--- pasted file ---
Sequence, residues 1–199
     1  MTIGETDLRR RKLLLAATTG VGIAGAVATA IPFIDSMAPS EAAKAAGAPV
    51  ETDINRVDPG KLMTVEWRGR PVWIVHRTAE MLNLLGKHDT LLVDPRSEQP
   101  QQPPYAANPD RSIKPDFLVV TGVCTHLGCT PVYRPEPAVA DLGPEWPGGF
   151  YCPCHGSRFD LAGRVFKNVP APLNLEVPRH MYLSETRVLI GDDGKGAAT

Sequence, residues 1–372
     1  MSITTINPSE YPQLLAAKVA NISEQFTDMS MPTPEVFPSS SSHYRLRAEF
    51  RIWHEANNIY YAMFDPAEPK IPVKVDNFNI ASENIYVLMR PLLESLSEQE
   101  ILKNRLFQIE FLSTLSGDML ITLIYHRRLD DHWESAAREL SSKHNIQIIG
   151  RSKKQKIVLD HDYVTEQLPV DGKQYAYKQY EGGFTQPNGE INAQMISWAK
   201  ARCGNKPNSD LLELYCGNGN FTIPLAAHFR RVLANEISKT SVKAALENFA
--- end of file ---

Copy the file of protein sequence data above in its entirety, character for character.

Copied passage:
Sequence, residues 1–199
     1  MTIGETDLRR RKLLLAATTG VGIAGAVATA IPFIDSMAPS EAAKAAGAPV
    51  ETDINRVDPG KLMTVEWRGR PVWIVHRTAE MLNLLGKHDT LLVDPRSEQP
   101  QQPPYAANPD RSIKPDFLVV TGVCTHLGCT PVYRPEPAVA DLGPEWPGGF
   151  YCPCHGSRFD LAGRVFKNVP APLNLEVPRH MYLSETRVLI GDDGKGAAT

Sequence, residues 1–372
     1  MSITTINPSE YPQLLAAKVA NISEQFTDMS MPTPEVFPSS SSHYRLRAEF
    51  RIWHEANNIY YAMFDPAEPK IPVKVDNFNI ASENIYVLMR PLLESLSEQE
   101  ILKNRLFQIE FLSTLSGDML ITLIYHRRLD DHWESAAREL SSKHNIQIIG
   151  RSKKQKIVLD HDYVTEQLPV DGKQYAYKQY EGGFTQPNGE INAQMISWAK
   201  ARCGNKPNSD LLELYCGNGN FTIPLAAHFR RVLANEISKT SVKAALENFA